Mesenteric arteriography is an x-ray exam of the blood vessels that supply the abdominal area, including the small and large intestines.
Abdominal arteriogram; Arteriogram - abdomen
This test uses x-rays and a special dye (contrast material) to make blood vessels show up on the images.
This test is done in a hospital. You will lie on an x-ray table. You may ask for a sedative if you are anxious about the test.
The health care provider will shave and clean the groin area. A numbing medicine (anesthetic) is applied, and a needle inserted into an artery. A thin flexible tube called a catheter is passed through the needle, into the artery, and up through the main vessels of the belly area and chest until it is properly placed into a mesenteric artery. The doctor can see live images of the area on a TV-like monitor, and uses them as a guide.
Contrast dye flows through the catheter into the blood vessels. X-ray images are taken. The catheter is occasionally flushed with saline solution containing a drug called heparin to help keep blood in the tube from clotting.
Pressure is immediately applied to the puncture site for 10-15 minutes to stop the bleeding. After that time the area is checked and a tight bandage is applied. The leg should be kept straight for an additional 4 hours after the procedure.
You should not eat or drink anything for 8 hours before the test.
You will be asked to wear a hospital gown and sign a consent form for the procedure. Jewlery should be removed from the area being imaged.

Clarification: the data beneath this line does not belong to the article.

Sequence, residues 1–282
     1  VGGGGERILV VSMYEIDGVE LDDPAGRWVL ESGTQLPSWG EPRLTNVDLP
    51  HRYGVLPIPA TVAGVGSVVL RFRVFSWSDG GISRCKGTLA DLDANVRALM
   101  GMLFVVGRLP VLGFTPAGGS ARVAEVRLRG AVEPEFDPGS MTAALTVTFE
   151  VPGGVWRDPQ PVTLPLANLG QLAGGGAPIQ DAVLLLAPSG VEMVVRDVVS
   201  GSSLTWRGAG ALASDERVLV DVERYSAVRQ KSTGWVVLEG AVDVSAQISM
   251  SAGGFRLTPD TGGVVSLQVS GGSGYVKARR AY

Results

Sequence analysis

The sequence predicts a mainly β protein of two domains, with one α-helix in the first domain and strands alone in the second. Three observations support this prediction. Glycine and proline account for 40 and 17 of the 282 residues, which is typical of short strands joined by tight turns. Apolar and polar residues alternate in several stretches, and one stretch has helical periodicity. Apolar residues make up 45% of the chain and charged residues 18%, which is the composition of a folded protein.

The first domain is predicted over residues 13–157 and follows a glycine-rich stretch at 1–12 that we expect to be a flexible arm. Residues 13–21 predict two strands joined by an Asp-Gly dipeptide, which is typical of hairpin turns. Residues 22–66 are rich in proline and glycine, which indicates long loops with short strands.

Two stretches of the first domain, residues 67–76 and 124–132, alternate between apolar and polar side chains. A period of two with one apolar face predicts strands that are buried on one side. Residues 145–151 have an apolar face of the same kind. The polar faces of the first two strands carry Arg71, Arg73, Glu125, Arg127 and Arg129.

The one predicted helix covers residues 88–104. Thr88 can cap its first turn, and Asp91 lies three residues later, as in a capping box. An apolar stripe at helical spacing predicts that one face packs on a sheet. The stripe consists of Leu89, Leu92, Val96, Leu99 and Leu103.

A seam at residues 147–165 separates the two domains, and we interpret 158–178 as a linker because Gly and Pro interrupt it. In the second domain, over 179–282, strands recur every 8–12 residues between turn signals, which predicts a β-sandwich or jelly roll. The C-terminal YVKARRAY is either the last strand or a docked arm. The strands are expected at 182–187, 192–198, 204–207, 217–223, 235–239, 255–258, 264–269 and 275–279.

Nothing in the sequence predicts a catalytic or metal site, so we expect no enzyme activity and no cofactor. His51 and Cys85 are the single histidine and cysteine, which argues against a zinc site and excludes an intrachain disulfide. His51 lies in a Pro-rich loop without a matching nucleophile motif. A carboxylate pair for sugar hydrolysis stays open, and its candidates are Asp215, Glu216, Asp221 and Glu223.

Tell your health care provider:
The x-ray table is hard and cold, but you may ask for a blanket or pillow. You may feel a brief sting when the numbing medication (anesthetic) is given. You will feel a brief sharp pain as the catheter is inserted into the artery, and some pressure as it is moved into place.
As the dye is injected, you will feel a warm, flushing sensation. You may have tenderness and bruising at the site of the injection after the test.
This test is done:
A mesenteric arteriogram may be performed after more sensitive nuclear medicine scans have identified active bleeding. The radiologist can then pinpoint and treat the source. See: Endovascular embolization.
Results are considered normal if the arteries being examined are normal in appearance.
Abnormal results may be due to
There is some risk of the catheter damaging the artery or knocking loose a piece of the artery wall, which can reduce or block blood flow and lead to tissue death. This is a rare complication.
Other risks include:
Review Date: 1/13/2009
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